- Class 3: In this class, the net proceeds must be distributed for authorized purposes, and the total value of prize payment exceeds $5,000. Also, there must be game rules for gambling, and no gaming machines must be used. Only a class 3 license-holding society can conduct gaming in this class.
- Class 4: In this class, the net proceeds must be distributed for authorized purposes, and game rules must apply. It also covers gaming machines.
A society can apply for a Class 3 or 4 license through its authorized representative. Information on the reward must be clearly stated in the license application. Most importantly, the Gambling Commission is in charge of renewing licenses.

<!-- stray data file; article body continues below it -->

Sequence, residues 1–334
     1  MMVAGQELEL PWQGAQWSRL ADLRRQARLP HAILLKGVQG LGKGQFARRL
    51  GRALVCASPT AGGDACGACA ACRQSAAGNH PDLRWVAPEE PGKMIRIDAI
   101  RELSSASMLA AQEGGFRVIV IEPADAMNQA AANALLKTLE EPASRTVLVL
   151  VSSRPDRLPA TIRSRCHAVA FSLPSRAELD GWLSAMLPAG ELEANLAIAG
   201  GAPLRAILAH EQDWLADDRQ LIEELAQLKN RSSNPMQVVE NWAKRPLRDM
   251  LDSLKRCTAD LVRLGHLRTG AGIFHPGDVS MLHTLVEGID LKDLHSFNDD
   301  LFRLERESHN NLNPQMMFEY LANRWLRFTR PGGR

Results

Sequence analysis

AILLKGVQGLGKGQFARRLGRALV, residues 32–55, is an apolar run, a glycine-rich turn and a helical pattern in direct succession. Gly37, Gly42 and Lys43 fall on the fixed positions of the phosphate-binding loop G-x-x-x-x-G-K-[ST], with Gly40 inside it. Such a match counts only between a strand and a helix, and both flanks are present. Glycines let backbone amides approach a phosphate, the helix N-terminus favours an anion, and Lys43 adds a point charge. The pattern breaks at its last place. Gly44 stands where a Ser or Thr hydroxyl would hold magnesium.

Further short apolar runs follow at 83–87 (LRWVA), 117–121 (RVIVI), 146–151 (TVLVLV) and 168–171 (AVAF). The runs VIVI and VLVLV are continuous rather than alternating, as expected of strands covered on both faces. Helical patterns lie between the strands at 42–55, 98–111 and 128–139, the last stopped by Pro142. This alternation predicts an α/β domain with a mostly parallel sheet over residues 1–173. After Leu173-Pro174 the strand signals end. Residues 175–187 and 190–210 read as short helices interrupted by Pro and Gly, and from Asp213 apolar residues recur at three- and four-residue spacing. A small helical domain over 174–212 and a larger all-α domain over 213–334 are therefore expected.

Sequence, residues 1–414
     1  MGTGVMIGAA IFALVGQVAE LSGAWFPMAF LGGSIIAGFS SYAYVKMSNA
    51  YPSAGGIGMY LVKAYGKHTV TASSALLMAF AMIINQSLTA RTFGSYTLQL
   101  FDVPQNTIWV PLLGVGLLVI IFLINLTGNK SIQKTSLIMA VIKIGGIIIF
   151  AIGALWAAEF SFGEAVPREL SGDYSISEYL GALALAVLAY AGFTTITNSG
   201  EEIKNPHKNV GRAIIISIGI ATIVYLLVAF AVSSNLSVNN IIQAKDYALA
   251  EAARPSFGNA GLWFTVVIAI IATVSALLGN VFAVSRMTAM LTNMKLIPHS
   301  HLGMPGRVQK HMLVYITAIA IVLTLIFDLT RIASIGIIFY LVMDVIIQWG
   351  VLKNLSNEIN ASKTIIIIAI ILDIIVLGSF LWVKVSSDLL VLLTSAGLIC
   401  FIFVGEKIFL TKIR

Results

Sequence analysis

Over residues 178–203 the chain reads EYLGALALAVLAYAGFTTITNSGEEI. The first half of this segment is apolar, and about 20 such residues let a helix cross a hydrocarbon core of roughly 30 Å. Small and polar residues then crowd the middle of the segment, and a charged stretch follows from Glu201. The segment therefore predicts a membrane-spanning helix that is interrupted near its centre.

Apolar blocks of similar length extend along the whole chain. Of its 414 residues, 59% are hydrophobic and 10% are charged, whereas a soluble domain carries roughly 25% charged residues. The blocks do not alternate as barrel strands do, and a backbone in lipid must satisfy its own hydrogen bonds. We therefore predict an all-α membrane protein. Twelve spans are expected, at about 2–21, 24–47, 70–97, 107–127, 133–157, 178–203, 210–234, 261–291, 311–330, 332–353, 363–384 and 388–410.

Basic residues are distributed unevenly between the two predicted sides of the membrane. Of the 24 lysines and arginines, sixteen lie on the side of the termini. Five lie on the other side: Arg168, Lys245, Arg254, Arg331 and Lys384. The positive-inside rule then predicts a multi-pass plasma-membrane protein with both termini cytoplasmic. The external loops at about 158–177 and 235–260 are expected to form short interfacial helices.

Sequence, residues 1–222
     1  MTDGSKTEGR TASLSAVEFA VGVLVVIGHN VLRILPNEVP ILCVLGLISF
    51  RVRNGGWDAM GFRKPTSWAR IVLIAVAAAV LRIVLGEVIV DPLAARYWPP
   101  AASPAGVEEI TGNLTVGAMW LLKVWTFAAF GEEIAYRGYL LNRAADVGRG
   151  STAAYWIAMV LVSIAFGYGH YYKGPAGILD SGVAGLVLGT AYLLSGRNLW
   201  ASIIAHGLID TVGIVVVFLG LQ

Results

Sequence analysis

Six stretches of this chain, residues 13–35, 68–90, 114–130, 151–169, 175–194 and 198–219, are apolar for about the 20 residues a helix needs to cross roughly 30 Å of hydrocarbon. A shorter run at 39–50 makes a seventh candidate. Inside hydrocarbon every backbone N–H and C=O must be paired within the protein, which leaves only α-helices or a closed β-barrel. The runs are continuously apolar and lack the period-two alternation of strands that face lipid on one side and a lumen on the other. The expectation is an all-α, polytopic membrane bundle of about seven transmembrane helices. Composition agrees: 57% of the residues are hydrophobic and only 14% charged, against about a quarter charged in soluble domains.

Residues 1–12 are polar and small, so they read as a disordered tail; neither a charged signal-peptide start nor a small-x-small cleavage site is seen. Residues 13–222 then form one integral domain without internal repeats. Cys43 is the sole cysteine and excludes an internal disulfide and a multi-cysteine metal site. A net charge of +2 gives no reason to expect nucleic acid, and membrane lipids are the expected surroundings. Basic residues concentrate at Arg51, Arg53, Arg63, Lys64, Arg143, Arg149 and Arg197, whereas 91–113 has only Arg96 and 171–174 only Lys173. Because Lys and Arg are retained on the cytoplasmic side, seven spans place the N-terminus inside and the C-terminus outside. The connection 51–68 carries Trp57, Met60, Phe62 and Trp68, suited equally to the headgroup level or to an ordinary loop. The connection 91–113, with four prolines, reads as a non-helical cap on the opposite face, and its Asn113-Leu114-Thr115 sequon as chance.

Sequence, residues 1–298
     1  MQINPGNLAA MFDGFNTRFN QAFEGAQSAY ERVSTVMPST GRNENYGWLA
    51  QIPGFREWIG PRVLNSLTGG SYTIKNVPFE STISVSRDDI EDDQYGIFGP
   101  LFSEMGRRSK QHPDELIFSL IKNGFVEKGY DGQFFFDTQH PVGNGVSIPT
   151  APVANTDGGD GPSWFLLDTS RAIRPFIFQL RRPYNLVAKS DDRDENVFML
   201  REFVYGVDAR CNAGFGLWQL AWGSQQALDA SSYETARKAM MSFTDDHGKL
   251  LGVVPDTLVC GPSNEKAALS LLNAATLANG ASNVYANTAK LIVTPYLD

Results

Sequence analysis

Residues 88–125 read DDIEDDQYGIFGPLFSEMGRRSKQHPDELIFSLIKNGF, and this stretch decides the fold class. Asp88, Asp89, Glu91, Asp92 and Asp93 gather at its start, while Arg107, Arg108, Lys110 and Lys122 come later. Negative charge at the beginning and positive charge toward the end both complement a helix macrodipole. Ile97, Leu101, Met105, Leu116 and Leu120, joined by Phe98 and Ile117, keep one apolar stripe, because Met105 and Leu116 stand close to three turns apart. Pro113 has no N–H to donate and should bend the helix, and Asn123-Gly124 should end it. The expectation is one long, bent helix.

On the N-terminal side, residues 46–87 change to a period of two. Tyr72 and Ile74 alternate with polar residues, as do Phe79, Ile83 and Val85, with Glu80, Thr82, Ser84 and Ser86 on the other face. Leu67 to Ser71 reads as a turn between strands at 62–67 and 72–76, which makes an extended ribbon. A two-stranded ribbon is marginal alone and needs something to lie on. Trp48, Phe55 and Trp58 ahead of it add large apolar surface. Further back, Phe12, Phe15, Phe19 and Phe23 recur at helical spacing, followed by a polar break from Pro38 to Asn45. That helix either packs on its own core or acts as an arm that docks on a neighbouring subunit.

The Class 4 Venue Licence
Only operators in class 4 are allowed to use gaming machines. That includes slot machines, electronic table games, and other games that require machines. Gaming with machines takes place at a venue, hence the need for a venue license.
Applicants must state how they intend to minimize problem gambling at the venue. Also, the applicant must have a class 4 license.
Under the Act, operators and a class 4 venue license must not increase the opportunities at the venue. That includes creating space for more players and adding more gaming machines.
Gambling venues under the act include casinos, a TAB, and a gaming machine venue in a community. Clubs and pubs with gaming machines are also recognized under class 4.
Societies like clubs can merge. However, they must obtain a license to operate the new capacity of gaming machines. Territorial authority consent is also required.
Gambling Regulations NZ under the Gambling Act 2003